Guidance isnt sufficient, its just good practice. Only 30% of firms have guidance, maybe just 20% have an actual email policy, says Ashley.
Employees searching the net for pornography is the most common problem. Also on the hit-list of no-nos are having inappropriate email conversations ones which are sexually explicit or that reveal company secrets. Some firms have systems in place that will detect a word or phrase, such as cv and flag them up for the employers attention.
Ashley adds: Its vital to make employees aware that the informality of email is not necessarily the best way of doing business. Its all too easy to press the send button.
At Royal & Sun Alliance in Liverpool, 10 employees were booted out of their jobs after they used email to forward obscene doctored cartoons of Bart Simpson and Kermit the Frog. A further 77 were suspended. The furore was sparked when a company director received one of the emails and an internal investigation was launched, culminating in the companys action.
The insurance firm, which has a written code on what is acceptable internet practice, claimed that some material was pornographic and obscene and goes well beyond anything that any reasonable person would describe as permissible.
Company sources were quoted in the national press at the time, saying the sackings were unfair and that those fired were not layabouts who spent the day surfing for dirty jokes.
On the other hand, there are cases where emails can cause excruciating embarrassment for the sender. You may have come across the story of Claire Swire, who sent an explicit message to solicitor Bradley Chait telling him how much she had enjoyed their time together. He sent the message to his friends and they in turn forwarded it to their mates.
Within a matter of minutes, Swires exploits had travelled the world and various reputations were shattered as the culprits names were written in the annals of email history.
Five lawyers at Chaits workplace, law firm Norton Rose, were disciplined over the incident, as were a number of employees of the Financial Services Authority who were discovered trying to pass the message on.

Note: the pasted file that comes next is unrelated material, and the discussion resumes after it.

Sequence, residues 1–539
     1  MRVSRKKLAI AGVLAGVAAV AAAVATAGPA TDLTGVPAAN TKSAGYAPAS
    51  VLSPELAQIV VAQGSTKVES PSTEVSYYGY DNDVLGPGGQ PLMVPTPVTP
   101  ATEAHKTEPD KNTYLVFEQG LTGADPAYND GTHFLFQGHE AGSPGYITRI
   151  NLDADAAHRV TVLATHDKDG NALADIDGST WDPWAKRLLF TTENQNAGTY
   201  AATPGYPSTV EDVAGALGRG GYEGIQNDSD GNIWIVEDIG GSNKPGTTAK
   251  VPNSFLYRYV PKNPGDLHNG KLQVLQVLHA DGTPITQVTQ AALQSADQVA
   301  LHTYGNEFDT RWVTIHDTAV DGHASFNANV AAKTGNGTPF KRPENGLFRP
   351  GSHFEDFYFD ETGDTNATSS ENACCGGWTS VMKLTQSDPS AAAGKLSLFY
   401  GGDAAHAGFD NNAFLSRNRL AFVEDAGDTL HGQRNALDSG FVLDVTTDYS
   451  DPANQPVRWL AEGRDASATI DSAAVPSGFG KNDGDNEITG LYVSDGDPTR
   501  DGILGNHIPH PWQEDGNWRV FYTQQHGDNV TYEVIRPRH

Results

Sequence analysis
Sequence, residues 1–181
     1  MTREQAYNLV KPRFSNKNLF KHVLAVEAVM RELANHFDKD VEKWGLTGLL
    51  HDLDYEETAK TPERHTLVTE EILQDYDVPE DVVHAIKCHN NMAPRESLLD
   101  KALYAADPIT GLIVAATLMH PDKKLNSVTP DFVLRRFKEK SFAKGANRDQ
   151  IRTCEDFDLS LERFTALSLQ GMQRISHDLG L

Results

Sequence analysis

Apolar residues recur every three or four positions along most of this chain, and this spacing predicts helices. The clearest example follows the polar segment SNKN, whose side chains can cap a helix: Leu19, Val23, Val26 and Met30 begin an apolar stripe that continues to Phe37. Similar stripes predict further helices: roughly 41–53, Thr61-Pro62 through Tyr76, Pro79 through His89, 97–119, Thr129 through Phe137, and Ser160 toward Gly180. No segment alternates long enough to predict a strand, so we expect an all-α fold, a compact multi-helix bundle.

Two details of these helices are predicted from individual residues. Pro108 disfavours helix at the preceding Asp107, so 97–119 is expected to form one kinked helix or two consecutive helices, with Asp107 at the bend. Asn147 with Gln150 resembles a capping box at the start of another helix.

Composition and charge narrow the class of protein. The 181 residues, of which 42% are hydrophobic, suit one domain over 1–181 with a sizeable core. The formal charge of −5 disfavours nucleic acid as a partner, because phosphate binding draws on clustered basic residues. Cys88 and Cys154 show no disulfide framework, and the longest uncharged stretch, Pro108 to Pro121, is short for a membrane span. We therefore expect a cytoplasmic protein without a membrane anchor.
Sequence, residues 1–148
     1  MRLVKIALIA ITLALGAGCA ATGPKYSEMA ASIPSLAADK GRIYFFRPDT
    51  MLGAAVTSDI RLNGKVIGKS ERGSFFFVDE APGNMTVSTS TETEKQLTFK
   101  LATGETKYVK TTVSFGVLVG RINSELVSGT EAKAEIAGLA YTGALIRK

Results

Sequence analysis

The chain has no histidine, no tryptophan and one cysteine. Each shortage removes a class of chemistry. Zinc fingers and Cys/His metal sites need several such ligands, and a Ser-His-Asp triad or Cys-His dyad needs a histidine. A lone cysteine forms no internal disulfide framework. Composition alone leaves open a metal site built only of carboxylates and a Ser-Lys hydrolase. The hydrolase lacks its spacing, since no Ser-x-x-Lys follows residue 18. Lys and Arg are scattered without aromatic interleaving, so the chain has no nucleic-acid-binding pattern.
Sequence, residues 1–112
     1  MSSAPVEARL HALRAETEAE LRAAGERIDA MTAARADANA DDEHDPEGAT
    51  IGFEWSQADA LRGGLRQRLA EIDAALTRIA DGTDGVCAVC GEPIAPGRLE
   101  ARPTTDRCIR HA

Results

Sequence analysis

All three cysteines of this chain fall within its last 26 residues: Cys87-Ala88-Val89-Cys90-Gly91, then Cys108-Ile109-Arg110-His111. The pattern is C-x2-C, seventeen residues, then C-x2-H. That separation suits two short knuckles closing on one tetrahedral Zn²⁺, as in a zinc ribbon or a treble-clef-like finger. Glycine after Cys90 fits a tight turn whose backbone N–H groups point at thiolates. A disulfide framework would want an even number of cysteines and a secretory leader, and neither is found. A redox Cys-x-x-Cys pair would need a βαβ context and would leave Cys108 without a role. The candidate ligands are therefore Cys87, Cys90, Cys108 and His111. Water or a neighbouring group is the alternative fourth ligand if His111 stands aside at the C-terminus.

A major part of the problem was that the name of Chaits employer was on the emails. The connection between Chaits exploits and his employer was all too blatant and thus difficult to distinguish between email and letters written on a firms stationery.
Manpower recruitment manager John Crook should have known better than to send a jokey email to a colleague about the reasons he recommended a pay rise for someone, she was a grrrrrrrrrrreat shag, he wrote. He was sacked for gross misconduct and lost his appeal this June.
The IT security service provider, Activis, estimates that employers with 120 staff or more are suffering annual costs in excess of 500,000 in lost time and in network resources for handling non-business related email and internet access. They base this sum on an estimated 30 minutes per day spent by the average employee handling unwanted, irrelevant or non-business related email.
Managing director John Cheney says: Events, such as Valentines Day, impose a significant additional cost on employers... This imposes a short-term additional strain on network resources, exposes the business to additional risk of virus infection and ties up additional time when already most employees spend around one hour per day handling emails.